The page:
Landscape architecture is popularly known as a gentle and passive field, staffed with pleasant people who are content to take satisfaction in the benefits inherent in our chosen media of plants, pollinators and playgrounds. To some degree, this “nice guy” impression is true, as confirmed by walking through the earnest and agreeable discussions between competitors that fill the hallways between sessions at the American Society of Landscape Architects (ASLA) convention each year. But this benign image of landscape architecture could not be more deceptive in its misrepresentation of the rebellious, unpopular and conflict-ridden work that is often required to produce the most gentle, seemingly effortless, public landscapes.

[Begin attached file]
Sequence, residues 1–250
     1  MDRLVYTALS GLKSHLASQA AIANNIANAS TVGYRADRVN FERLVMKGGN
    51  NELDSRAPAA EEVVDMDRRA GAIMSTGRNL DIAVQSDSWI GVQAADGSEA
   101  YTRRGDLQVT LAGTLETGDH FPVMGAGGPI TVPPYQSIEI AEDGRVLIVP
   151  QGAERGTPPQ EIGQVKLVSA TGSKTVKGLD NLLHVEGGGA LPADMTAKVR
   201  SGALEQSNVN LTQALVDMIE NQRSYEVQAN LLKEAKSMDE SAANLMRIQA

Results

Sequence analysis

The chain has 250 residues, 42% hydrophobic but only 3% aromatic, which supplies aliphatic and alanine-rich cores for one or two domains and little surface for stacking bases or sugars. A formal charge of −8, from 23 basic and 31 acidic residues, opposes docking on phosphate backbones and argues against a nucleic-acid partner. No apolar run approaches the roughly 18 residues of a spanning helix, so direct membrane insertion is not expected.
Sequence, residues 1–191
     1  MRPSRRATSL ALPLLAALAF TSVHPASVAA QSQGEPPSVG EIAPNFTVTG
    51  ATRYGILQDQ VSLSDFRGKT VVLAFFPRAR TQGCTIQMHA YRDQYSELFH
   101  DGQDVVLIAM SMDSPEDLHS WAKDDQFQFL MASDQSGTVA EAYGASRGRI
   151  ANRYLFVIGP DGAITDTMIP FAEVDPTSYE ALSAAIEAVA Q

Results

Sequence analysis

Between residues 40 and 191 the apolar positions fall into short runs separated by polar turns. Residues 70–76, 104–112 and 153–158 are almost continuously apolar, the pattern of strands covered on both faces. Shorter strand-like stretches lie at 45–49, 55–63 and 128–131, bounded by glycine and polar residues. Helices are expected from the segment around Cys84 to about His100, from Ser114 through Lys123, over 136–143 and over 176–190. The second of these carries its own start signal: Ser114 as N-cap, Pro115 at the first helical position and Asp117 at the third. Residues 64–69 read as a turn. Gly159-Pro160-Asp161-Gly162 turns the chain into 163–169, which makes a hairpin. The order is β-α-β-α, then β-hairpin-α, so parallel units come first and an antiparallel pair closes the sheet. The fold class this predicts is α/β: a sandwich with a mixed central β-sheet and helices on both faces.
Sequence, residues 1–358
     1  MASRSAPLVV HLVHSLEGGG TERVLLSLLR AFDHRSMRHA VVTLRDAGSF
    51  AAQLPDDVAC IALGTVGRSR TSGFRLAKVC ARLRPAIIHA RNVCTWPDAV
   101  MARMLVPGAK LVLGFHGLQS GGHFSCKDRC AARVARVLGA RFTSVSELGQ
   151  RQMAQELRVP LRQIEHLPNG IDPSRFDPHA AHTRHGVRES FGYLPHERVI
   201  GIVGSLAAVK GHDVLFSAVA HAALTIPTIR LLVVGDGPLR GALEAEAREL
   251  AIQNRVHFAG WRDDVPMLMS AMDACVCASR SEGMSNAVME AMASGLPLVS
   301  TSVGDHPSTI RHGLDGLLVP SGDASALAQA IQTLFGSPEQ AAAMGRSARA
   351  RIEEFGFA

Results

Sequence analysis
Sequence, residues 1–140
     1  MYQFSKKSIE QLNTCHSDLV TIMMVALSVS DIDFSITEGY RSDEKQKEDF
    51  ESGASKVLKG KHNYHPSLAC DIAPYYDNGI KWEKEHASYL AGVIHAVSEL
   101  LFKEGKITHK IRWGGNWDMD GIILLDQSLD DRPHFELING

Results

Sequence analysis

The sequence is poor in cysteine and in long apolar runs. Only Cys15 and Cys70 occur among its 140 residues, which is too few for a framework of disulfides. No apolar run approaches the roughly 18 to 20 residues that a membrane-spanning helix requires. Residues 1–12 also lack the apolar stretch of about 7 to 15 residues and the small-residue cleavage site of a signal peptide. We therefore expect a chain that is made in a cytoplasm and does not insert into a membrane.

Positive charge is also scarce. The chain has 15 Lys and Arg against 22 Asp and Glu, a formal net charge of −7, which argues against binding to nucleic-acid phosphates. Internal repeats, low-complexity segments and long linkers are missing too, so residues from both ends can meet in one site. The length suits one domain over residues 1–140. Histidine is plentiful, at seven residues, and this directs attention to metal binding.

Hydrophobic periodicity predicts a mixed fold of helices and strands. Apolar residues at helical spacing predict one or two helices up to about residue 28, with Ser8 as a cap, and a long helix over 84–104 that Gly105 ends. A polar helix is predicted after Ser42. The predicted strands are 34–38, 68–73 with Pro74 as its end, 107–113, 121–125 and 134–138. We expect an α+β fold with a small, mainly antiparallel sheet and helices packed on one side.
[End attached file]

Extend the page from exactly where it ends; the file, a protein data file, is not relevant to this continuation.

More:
I frequently warn landscape-architecture students about this when I visit schools, knowing that the most well-suited of them will not be put off but further engaged and excited about the challenging and, at times, lonely work in front of them as responsible landscape designers. Young landscape architects are prepared to make heroic arguments for trees, stormwater and greenspace — preaching to the choir in many contexts today — but they rarely imagine themselves making arguments for uncool and seemingly draconian design measures, like blocking desire lines, fortifying edges, controlling sightlines and restricting entries into a space.